Government is set to apply a tax of about 11% on certain sugary drinks later this year. No such tax will apply to artificially sweetened “light” drinks or plain bottled water, which will become a cheaper option for consumers.
The tax has been introduced not to increase revenue, but to reduce national consumption of sugary drinks as part of a national obesity prevention campaign.
- These drinks are a source of highly concentrated sugar and sugar is a major cause of obesity. v
- Obesity is a well-established risk factor for diabetes, heart disease, hypertension, strokes and certain cancers.
- These non-communicable diseases are running rife in South Africa and are a major cause of disability and death.
South Africa is one of the world’s top 10 consumers of sugary drinks and consumption has been growing at about 3% a year. Recent growth has been highest among low-income households, the All Media Products Survey shows.
Why should you, as a woman, care about this tax?
Diabetes has become the number one cause of death among South African women and the second most common cause of death in the total population, according to Stats SA. Diabetes is a complex disease and its causes are multiple. However, the increase in diabetes in our country is unquestionably linked to the increase in obesity, particularly among women.
- South African women have the highest obesity rate in sub-Saharan Africa.
- 63% of South African women are overweight or obese, compared to 51% of women globally.
- 82% of South African women are overweight by the time they reach the age of 45 years.
- Women living in urban areas have a higher likelihood of becoming obese, compared to those in rural communities.
Obesity is a risk factor for several life-altering health conditions Obesity is the underlying cause for the steeply increasing cases of hypertension, cerebrovascular diseases (which include strokes) and heart disease.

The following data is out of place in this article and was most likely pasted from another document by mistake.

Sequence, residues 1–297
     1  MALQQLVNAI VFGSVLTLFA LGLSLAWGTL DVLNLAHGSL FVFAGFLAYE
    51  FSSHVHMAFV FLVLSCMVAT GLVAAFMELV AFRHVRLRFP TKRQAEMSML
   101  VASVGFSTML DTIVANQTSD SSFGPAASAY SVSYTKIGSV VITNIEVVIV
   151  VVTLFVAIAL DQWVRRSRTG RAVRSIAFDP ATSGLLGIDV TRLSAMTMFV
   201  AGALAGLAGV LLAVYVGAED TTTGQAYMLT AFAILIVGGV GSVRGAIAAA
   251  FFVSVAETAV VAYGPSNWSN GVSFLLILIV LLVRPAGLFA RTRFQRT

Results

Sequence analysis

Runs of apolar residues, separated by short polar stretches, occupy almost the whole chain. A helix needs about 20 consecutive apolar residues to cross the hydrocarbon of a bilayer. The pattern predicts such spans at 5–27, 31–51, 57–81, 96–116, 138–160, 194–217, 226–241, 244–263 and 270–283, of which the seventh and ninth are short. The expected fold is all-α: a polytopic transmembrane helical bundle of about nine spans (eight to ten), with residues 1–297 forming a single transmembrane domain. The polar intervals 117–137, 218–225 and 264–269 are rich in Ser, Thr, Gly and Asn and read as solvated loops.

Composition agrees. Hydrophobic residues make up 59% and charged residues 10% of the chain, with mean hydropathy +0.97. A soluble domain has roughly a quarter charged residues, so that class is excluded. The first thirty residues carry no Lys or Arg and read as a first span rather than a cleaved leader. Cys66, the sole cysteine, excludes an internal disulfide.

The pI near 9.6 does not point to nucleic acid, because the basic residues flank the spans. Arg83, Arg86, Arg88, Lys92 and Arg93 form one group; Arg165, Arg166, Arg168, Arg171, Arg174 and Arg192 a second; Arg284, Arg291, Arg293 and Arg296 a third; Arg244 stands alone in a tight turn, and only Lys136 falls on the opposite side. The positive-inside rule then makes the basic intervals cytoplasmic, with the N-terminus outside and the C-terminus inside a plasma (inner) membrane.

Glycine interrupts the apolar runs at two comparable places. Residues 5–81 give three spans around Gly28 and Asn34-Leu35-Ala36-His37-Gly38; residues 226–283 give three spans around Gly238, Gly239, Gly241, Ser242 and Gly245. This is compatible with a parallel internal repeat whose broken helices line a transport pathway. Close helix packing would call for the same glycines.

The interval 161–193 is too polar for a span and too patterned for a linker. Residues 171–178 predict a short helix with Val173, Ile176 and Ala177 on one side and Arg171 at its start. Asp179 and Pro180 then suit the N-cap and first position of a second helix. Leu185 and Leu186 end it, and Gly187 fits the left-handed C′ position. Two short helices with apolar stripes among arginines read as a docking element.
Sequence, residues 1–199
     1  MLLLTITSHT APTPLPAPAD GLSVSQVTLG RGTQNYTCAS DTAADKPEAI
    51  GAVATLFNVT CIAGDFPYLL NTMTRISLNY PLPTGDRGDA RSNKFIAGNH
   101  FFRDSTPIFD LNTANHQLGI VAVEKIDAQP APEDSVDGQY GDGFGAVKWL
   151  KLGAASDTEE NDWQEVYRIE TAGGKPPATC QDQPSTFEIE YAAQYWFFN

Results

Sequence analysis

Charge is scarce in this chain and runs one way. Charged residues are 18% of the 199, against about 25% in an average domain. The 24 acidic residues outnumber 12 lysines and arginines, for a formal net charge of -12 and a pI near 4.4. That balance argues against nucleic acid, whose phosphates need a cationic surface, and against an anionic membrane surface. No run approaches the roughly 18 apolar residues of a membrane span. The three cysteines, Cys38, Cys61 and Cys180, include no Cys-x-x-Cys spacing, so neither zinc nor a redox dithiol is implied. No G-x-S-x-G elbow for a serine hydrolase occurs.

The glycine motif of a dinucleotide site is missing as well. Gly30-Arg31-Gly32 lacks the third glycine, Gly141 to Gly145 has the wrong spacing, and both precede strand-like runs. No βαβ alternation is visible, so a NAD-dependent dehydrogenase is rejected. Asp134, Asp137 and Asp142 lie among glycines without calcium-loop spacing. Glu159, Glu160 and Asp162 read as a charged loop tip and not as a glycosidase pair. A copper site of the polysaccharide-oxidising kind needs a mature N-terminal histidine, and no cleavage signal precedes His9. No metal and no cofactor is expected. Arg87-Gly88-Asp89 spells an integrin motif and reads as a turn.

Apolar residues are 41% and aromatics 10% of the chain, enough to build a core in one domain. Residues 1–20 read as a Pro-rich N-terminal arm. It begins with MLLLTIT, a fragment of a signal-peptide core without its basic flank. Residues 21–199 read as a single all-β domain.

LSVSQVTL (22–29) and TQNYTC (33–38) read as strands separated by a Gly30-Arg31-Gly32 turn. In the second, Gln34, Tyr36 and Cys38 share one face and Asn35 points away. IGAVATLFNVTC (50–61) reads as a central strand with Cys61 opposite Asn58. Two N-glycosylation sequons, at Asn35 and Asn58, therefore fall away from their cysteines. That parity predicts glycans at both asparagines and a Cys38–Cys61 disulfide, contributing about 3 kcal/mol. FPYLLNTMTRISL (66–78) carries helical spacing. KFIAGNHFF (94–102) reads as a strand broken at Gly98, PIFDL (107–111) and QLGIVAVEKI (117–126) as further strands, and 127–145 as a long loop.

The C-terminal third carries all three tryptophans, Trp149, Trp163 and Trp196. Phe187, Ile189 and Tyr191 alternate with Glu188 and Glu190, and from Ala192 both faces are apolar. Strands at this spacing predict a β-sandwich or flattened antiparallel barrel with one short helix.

The development and recurrence of endometrial cancer, cervical cancer, breast cancer and other types can be attributed, in part, to obesity. Other conditions that overweight and obese women suffer from are low back pain and knee osteo-arthritis.
What difference will it make to reduce sugary drinks intake?
Reducing the population’s intake of sugary drinks won’t, on its own, solve the obesity and non-communicable disease epidemics. But global research shows that it will have a significant impact in reducing and preventing these diseases.
Addressing the high consumption of sugary drinks in South Africa is a key starting point to tackling obesity prevention. The tax on sugary drinks is a powerful but simple way to discourage consumption of one of the strongest drivers of obesity, diabetes and other non-communicable diseases – and, of course, tooth decay.
- Sugary drinks are a major cause of increased calorie intake, weight gain, diabetes, hypertension and other diseases.
- These calories are “empty” – they have no nutritional benefit– and people don’t count the calories in drinks the way they count calories in food, which can lead to overconsumption and weight gain.
- The sugars in sugary drinks are concentrated (an average of nine teaspoons per 330ml can) and alter the body’s metabolism, affecting insulin, cholesterol and metabolites that cause high blood pressure and inflammation.
- Large amounts of liquid sugar are especially harmful to the liver because they are quickly absorbed.
For more information, please visit www.heala.org